With a weekend match looming, Harris restricted herself to one radio interview in the immediate aftermath, during which she described the comments as sexual abuse, and held a press conference to sate the appetite of media organizations around the world. Carlton provided her with a security guard for the next game, against Fremantle. 
"Surreal," and a "roller-coaster" is how she sums up the week. "For the most part it was all positive," she adds, "but I had to check in with myself and make sure this was something I was OK with because it was a really full on and busy, confronting few weeks. 
"The really important thing for me was not to dilute the messaging or say something that could be misinterpreted, so I made sure I was really clear and articulate."
Read the whole thing. It's a devastating indictment of where society is with regards to how it treats women and what we can do to move past the juvenile bullshit that infects so much of how we talk to one another and relate to each other.

Friday, February 28, 2020

Garth Brooks Loves Barry Sanders

So, this happened.

Garth Brooks wore a football jersey with the number 20 on it, and with the name Sanders on the back. This was his way of paying homage to NFL Hall of Fame running back Barry Sanders.

Some of his "less informed" fans thought that Brooks was signaling his support for presidential candidate Bernie Sanders.

And this happened because we have, what? An informed, reasonable electorate?


Thursday, February 27, 2020

17 Games

To me, this is a crazy number of games for the NFL to play in one season:
As we stand on the verge of another decade of labor peace, I can’t get that out of my head, and my reasoning is simple. Over the last couple weeks, we’ve discussed everything from the revenue split to pensions to how individual contracts will work under a reformatted NFL schedule, and the main thing is still the main thing.
My belief is the reason why opposition against the current CBA proposal has persisted lies therein. It’s the 17th game. Period. End of story.
It’s been clear from the start that players are leery about the idea of extending their season—creating another set of car crashes in a system that already called for 16 of them. And a lot of them knew that the owners’ strong desire to do that, in addition to their concern over further delaying the broadcast negotiation, created leverage.
So some players wanted the union to push for more, in just about every category.

You want 17 games? Fine. Then it’s on our terms.
And they did get more in some areas. The money in this deal is good, and if the goal is, “Let’s keep getting rich!” then the deal the union’s done is totally fine. But if you were looking for a game-changer, then this really isn’t that.
The franchise tag system is the same, as is the vesting schedule. There were tweaks to rookie contracts and the funding rule, but problems with those (team control over players for six or seven years, a crutch to use in not guaranteeing contracts) aren’t going away. And specific to the issue of 17 games, there are problems. The max number of padded practices in training camp was cut from 28 to 16, but offseason and in-season rules didn’t change.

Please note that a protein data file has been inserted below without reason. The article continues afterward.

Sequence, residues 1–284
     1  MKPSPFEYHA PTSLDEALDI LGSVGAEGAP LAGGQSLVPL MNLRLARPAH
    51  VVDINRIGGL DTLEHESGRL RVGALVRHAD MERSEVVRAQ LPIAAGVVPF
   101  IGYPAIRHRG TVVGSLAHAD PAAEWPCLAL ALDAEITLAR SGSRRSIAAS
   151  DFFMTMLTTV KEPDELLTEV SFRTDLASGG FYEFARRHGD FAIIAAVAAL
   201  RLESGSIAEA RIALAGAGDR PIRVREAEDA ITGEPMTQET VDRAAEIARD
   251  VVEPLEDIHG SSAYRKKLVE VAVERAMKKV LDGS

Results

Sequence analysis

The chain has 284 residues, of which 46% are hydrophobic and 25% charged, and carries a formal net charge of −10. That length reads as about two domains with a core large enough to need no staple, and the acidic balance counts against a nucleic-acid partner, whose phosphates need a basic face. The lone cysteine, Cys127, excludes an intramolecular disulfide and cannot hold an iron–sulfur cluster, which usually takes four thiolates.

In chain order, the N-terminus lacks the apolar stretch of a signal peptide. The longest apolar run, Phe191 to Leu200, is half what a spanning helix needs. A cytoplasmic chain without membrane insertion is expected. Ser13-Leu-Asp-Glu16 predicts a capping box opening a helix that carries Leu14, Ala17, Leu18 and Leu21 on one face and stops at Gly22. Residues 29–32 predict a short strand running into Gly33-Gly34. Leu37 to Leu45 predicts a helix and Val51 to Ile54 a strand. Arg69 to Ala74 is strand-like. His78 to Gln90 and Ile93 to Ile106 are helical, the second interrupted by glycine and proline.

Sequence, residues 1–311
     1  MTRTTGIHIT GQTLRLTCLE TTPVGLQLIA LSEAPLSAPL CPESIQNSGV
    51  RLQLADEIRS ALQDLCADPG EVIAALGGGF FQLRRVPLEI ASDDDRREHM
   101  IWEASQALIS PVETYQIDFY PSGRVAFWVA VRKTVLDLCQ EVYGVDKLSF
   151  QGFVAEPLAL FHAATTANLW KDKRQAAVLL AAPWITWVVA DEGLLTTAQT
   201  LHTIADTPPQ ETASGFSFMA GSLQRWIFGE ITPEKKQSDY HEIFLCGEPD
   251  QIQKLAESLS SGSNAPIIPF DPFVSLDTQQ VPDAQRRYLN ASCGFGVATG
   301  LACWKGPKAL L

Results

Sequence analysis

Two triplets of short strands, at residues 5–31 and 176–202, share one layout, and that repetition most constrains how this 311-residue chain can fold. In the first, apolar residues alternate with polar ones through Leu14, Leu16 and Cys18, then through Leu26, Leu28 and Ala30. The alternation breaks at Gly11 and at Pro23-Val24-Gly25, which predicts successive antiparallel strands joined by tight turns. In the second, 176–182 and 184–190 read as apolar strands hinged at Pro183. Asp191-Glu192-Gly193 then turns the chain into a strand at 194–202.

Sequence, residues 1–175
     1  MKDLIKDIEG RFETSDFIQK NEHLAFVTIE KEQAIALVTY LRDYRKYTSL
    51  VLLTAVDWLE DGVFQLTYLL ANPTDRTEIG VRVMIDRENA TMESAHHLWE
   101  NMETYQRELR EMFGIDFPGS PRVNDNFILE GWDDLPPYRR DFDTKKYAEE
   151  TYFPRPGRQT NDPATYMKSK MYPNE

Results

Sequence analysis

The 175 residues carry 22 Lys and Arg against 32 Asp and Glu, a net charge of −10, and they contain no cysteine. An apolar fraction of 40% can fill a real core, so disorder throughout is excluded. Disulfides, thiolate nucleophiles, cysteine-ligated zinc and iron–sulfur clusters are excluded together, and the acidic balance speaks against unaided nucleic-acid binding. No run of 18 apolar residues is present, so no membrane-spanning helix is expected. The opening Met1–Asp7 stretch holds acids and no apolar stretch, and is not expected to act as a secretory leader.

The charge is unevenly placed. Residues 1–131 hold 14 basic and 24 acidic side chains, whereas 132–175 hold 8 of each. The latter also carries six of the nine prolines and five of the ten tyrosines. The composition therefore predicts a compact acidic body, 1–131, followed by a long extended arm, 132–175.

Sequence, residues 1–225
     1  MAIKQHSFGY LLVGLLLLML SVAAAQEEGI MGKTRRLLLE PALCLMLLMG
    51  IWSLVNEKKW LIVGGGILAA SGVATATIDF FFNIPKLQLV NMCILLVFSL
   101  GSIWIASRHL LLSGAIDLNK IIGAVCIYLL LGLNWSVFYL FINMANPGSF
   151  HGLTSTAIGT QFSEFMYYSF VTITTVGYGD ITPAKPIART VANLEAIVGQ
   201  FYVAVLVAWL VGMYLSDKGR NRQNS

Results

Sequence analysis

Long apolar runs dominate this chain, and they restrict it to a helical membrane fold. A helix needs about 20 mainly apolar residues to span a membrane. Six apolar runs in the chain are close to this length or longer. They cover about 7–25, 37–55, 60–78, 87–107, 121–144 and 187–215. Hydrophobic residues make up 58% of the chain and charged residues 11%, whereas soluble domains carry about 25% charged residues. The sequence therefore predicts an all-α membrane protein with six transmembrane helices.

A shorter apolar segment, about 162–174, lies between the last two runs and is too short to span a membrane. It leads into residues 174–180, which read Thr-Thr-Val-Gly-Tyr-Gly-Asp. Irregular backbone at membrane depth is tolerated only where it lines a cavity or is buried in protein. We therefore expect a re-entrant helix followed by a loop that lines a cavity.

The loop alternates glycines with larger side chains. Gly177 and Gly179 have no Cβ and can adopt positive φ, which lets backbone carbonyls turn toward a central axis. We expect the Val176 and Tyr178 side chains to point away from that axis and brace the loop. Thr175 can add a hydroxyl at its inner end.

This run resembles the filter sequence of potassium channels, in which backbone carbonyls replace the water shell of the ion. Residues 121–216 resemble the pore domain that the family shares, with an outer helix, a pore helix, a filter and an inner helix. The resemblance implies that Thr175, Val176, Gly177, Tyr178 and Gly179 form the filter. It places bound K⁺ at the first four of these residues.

The impact of an NFL game in an American city is easy to measure. On game day, revenue pours in. People spend their cash like it's water. Adding just one more home game per year, every other year, means more of the same. More people through the gates, more butts in seats, more of everything.

However, it means shorter careers and more injuries for the players. I hope they get a larger piece of that pie. I think they're getting too little as it is in relation to what the owners are walking away with every home game.

It's just my mathematical bias speaking, but an uneven number of games throws me off a bit. If anything, I would cut the number of pre-season games to two and I would add two more bye weeks into the current 16 game season. I wouldn't even keep the 16 game season. If I could, I'd knock it back to 12.

You would get less football. But you'd get fewer injuries, and guys would play longer. No one would like my idea, but there it is.

Wednesday, February 19, 2020

Fire Rob Manfred

If there's one lesson to be learned from this debacle, it is that Major League Baseball has the wrong person in charge:
The Houston Astros have been punished, but has justice truly been served? That’s the big question hovering around Major League Baseball as commissioner Rob Manfred makes a futile attempt to move on from one of the biggest scandals in league history. Soon, Astros hitters, many of whom were part of that now-dubious 2017 World Series win, will face live pitching for the first time since the league handed down its judgment against the team’s sign-stealing scheme.
 I don't know if firing Manfred would fix baseball's inability to properly punish franchises that have cheated because I don't think anyone is really being honest here. Stealing signs and using your stadium's structural advantages has been a part of baseball forever. Yes, using buzzers is crossing one of those phantom red lines that probably exists between the ears of purists but so what?

Banging trash cans is very 19th Century if you want to get right down to it, so how do we find a way out of this horror show? A lot of players who feel like they were cheated out of hits and strikes and playoff wins are screaming for blood in the most polite ways possible.

Honestly, in the first month of this season, I would not be surprised if each and every Astros batter ends up getting plunked in the ass more than once. And maybe they should. But if you throw at everyone who cheats, you're going to have to throw at everyone every day.